The vast majority of American adults do not have estate plans in place, and some folks simply do not feel as though it is necessary. This is a mistake, and we will provide some food for thought in this post.
Some people that do not have plans intend to draw up a simple will at some point when they are senior citizens. Unfortunately, people pass away at all ages every day, and the condition of intestacy would exist if you die without a will or trust.
Under these circumstances, the probate court would step in to appoint a personal representative to handle the estate administration tasks. After a number of months, the assets will be distributed under the intestate succession laws of Connecticut.
The time consumption is one problem with intestacy, and the assets may not be distributed in the way that you would have passed them along. There is no reason to take chances with intestacy when qualified legal assistance is just a phone call away.
Estate Tax Efficiency
If you have enjoyed a great deal financial success, you should address potential estate taxes. The federal estate tax is applicable on the portion of an estate that exceeds $11.7 million, and there is a Connecticut estate tax with a $7.1 million exemption.
There are steps you can take to gain estate tax efficiency if your estate will be subject to taxation. With regard to the federal tax, the exclusion is going down to $5.49 million adjusted for inflation in 2026.
Even if you are a Connecticut resident, property that you own out-of-state would be subject to the estate tax in that state when your estate is being administered. There is an estate tax in Massachusetts, and the exclusion is just $1 million.
Optimal Asset Distributions
You may not want to leave direct lump sum inheritances to your loved ones all at once in a perfect world, and this is what would happen if you use a will. A living trust is actually a far better choice for a wide range of people.
When you have a living trust, you would be the trustee while you are alive, so you would maintain control of the assets. After your passing, the successor trustee that you name in the document would distribute assets to the beneficiaries outside of probate.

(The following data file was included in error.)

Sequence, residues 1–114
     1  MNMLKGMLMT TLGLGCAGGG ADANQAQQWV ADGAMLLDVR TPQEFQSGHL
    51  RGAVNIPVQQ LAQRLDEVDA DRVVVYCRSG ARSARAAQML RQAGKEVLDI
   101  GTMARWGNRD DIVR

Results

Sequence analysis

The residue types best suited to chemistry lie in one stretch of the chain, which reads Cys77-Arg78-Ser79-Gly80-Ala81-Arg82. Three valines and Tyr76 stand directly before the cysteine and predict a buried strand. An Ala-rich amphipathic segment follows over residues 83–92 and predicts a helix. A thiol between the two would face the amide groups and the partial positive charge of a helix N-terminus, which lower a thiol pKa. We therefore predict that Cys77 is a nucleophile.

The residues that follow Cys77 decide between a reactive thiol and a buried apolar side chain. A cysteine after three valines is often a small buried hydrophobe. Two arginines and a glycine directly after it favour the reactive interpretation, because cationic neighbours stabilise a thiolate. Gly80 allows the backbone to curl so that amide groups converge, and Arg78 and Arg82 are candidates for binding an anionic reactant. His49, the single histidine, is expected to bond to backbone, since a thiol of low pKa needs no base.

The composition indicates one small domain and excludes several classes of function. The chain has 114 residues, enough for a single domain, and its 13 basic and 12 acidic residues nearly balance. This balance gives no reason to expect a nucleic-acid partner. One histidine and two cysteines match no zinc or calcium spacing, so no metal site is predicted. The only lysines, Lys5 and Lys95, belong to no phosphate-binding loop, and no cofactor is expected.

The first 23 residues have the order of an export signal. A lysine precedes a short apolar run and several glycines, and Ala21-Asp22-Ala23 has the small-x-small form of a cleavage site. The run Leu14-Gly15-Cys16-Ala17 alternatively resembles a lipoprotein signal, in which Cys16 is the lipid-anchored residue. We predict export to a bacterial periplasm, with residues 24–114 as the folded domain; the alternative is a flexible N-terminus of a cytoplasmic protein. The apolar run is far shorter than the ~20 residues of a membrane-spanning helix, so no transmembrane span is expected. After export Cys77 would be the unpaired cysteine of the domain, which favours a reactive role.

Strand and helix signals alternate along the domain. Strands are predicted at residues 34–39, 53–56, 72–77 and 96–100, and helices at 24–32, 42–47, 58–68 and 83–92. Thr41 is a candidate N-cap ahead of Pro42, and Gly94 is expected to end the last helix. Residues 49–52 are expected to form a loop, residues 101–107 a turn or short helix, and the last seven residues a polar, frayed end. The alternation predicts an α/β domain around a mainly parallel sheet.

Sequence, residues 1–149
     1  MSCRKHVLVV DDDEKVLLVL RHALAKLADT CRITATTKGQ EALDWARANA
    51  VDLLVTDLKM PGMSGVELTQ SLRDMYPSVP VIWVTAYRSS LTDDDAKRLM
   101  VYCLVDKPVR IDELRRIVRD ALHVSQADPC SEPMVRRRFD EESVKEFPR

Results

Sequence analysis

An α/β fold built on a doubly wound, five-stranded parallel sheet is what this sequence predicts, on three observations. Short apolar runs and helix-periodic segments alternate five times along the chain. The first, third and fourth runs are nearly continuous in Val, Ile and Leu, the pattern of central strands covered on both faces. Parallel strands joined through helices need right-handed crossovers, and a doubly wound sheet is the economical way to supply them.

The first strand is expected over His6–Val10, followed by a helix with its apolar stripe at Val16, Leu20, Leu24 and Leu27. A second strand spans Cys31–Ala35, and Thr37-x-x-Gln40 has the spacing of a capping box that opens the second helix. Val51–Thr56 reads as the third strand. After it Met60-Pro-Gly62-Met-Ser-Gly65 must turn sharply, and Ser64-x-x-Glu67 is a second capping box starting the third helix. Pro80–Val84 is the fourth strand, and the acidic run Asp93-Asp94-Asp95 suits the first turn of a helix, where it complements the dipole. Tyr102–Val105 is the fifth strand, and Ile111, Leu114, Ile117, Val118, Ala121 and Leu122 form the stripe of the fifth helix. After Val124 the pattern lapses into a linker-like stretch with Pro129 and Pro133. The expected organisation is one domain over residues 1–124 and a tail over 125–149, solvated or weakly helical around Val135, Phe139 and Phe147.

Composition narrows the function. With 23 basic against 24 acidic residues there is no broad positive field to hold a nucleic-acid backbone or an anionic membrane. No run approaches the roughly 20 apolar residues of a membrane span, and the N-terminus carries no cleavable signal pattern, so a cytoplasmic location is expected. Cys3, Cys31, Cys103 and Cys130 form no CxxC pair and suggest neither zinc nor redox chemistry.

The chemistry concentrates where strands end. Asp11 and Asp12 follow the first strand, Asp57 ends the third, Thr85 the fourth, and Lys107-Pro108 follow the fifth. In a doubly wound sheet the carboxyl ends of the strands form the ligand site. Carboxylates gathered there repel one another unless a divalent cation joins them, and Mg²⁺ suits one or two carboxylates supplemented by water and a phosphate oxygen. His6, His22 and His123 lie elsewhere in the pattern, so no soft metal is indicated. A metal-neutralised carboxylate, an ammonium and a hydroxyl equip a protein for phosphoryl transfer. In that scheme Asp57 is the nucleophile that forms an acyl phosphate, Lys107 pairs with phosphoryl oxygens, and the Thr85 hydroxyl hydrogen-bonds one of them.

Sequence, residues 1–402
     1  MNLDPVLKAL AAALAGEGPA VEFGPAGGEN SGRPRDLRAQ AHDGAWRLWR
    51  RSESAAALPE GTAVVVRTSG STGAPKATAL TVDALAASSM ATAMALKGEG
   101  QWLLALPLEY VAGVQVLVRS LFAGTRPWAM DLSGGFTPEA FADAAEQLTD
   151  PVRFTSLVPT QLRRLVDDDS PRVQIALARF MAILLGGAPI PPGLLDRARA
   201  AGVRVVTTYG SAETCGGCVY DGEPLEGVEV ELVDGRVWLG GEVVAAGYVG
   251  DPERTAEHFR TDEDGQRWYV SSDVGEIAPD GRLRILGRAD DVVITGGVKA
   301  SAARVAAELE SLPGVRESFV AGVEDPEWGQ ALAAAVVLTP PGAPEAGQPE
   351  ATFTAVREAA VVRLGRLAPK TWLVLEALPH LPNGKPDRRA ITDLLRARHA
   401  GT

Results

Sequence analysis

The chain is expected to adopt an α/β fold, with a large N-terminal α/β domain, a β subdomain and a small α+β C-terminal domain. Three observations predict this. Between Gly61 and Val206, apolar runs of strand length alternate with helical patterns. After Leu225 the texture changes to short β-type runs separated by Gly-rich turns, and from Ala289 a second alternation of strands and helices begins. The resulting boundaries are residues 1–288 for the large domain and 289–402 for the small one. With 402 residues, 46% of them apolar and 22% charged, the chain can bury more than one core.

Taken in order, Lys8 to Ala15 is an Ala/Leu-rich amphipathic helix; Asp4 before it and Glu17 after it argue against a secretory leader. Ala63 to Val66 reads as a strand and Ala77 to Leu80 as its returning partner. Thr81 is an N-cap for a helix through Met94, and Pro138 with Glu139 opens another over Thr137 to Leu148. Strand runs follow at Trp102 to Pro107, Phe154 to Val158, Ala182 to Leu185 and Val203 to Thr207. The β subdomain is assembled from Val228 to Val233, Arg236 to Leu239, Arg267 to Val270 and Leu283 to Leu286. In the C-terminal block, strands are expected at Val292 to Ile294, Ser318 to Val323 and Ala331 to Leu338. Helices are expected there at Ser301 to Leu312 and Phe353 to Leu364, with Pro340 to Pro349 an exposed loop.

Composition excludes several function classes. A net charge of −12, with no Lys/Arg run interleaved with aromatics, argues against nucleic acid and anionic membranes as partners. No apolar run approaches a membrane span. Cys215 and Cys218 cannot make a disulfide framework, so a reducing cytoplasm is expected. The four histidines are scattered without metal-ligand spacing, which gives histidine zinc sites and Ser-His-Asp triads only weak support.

The trust would become irrevocable after your death, and this will protect the principal from creditors of the beneficiaries. You can set any type of distribution schedule that you want to when you have a living trust, so there is no lump sum requirement.
This is one of a number of different types of trusts that can be used to satisfy a particular objective. You should discuss the possibilities with an estate planning lawyer before you decide to use a simple will.
Nursing Home Asset Protection
A significant portion of your legacy can potentially be consumed by nursing home costs because Medicare does not pay for custodial care. The median annual cost for a semi-private room in a Hartford area nursing home last year was $156,950.
The United States Department of Health and Human Services tells us that over one third of seniors will move into nursing homes eventually, and more than half of elders will need some type of paid care
Medicaid will pay for long-term care, and you can convey assets into an irrevocable trust to develop a financial profile that leads to eligibility. You would be able to receive distributions of the trust’s earnings, so you don’t surrender needed income.
The principal would no longer be within reach, but it would not count if you apply for Medicaid as long as you fund the trust at least 60 months before you try to obtain eligibility.
Take Action Today!
Our doors are open if you are ready to work with a Glastonbury, CT estate planning lawyer to develop a custom crafted plan that ideally suits your needs. You can use our contact form to request a consultation, and we can be reached by phone at 860-548-1000.
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